An alchemy of colours

I’m a 90s child. I grew up when television had the richest content and parents didn’t have to fret
about child-locking channels. Yes, it was way simpler then. And prettier! I’m talking of times when artists like Anu Malhotra made television wholesome. We youngsters found a window to the hidden secrets of India through programmes like Namaste India. Bollywood figures like Gul Panag, Mini Mathur and Sanjay Suri were discovered by her.
A woman with many talents and a multi-disciplinary artist. I’ve been privy to an engrossing afternoon where Anu narrated stories from the years she was traveling all over the country crafting those fantastic travelogues for national television. Travel and expedition tales that took her to the innermost quarters of the country, be it the jungles or the mountains. She spent months with tribesfolk in Himalayan villages
documenting their lives. The resultant was beautiful documentary series on the Apatanis of Arunachal Pradesh, Konyaks of Nagaland and Shamans of the Himalayas.
The creativity extends itself to photography (she is an exhibited photographer with her series, Soul Survivors being exhibited at the National Museum in Delhi) and writing as well. But while she was juggling all these facets, she nurtured a love for painting, debuting with an exhibition Hue Borne in 2014 followed by an international exhibition in Dubai under the Bruno Art Group. Her freewheeling, fluid style and use of myrias colours has garnered her acclaim in foreign shows like AAF Hongkong, KIAF Korea, Bazaar Art Jakarta and World Art Dubai.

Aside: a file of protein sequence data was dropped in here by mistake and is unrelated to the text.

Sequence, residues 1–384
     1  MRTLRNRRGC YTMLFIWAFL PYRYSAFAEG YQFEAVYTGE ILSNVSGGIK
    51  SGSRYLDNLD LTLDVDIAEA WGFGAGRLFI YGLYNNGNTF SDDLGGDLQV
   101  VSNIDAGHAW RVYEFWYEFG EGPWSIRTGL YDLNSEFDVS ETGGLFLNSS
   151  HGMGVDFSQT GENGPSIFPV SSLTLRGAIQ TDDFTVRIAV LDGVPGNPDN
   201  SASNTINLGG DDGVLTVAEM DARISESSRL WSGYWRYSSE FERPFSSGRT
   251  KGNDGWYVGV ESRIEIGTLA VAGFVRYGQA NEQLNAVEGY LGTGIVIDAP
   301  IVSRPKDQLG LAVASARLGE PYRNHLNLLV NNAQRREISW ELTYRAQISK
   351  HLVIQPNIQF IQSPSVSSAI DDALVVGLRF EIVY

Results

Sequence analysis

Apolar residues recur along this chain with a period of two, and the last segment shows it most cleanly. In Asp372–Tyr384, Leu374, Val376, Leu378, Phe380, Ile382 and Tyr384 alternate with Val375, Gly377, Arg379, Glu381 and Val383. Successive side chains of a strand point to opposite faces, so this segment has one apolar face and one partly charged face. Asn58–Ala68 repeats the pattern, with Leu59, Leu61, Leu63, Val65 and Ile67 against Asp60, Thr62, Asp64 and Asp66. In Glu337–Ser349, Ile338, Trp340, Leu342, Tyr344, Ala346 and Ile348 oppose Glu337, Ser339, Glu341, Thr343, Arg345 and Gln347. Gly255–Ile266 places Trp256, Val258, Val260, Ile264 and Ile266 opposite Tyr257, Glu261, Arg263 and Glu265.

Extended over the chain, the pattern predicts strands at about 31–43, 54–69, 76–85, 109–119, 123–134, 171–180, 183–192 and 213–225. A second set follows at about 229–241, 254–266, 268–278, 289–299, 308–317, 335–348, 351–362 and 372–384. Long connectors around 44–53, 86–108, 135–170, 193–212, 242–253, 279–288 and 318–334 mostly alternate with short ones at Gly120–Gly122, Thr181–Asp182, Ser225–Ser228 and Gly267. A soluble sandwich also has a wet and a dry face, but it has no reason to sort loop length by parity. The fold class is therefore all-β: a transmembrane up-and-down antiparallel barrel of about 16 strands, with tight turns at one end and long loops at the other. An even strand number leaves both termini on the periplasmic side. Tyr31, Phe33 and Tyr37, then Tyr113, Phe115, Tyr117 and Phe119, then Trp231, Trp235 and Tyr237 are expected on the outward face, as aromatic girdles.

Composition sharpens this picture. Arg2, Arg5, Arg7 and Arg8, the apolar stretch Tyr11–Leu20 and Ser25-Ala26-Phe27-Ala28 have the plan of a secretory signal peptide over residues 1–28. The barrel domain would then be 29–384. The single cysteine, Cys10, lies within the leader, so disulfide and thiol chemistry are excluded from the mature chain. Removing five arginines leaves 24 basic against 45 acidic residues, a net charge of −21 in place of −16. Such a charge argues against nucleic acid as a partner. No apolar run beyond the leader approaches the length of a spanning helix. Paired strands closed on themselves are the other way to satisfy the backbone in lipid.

A winner of 17 national and an international award for her
insightful documentaries, trend setting TV programming and revolutionary awareness campaigns, recently I watched her function in her painting studio. I stood mesmerised as she operated in a meditative trance. Her canvases, which she creates by pouring paint on them, are an explosion of hues, dreams and thoughts, mingling with each other without any bondage or structure. It only reflects the free state of her persona.
At her recent exhibition, Flow Dreams at The Lodhi, Anu has put up a smattering of mindblowing art that showcases her prowess in
the field. The paintings reflect a stunning fluidity, where she has created abstract patterns without the brush. But despite lacking form or shape, these pictures tell intimate tales. The tribal dolls, totems, masks and sculptures, if not for anything, are perfect renditions of shape and hues that could beautify any space they occupy. They also reflect her penchant for tribal art that she has honed her senses in during all her travel years. They have a rustic charm in them that is unparalleled. Just like the incredible energy of their creator.

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